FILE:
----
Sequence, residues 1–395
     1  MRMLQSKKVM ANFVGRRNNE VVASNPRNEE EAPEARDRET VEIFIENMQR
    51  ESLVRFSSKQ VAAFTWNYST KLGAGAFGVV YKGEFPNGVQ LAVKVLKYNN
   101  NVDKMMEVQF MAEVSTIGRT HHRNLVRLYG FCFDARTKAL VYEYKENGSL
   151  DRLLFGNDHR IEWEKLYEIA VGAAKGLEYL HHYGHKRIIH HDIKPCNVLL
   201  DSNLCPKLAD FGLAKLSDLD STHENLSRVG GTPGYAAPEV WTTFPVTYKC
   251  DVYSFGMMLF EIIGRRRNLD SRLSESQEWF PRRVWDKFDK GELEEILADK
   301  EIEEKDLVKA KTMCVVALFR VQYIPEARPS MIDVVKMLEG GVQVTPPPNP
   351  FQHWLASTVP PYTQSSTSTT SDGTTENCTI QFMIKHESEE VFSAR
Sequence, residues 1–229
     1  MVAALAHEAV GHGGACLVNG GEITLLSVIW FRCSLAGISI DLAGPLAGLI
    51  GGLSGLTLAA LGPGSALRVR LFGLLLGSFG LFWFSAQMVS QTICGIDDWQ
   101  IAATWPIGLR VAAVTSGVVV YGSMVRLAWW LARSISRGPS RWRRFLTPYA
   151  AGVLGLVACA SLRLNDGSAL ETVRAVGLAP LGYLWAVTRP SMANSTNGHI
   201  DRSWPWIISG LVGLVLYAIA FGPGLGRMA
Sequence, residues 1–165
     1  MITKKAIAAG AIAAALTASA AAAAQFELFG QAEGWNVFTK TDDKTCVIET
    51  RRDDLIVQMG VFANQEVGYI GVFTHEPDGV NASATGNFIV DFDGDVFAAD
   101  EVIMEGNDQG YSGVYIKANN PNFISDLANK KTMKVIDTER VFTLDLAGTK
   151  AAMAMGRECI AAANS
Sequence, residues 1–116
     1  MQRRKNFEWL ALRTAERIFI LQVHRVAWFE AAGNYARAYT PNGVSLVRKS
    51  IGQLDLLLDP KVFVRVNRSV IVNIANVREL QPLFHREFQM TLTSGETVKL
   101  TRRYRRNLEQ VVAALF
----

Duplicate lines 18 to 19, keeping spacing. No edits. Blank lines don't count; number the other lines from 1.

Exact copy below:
    51  RRDDLIVQMG VFANQEVGYI GVFTHEPDGV NASATGNFIV DFDGDVFAAD
   101  EVIMEGNDQG YSGVYIKANN PNFISDLANK KTMKVIDTER VFTLDLAGTK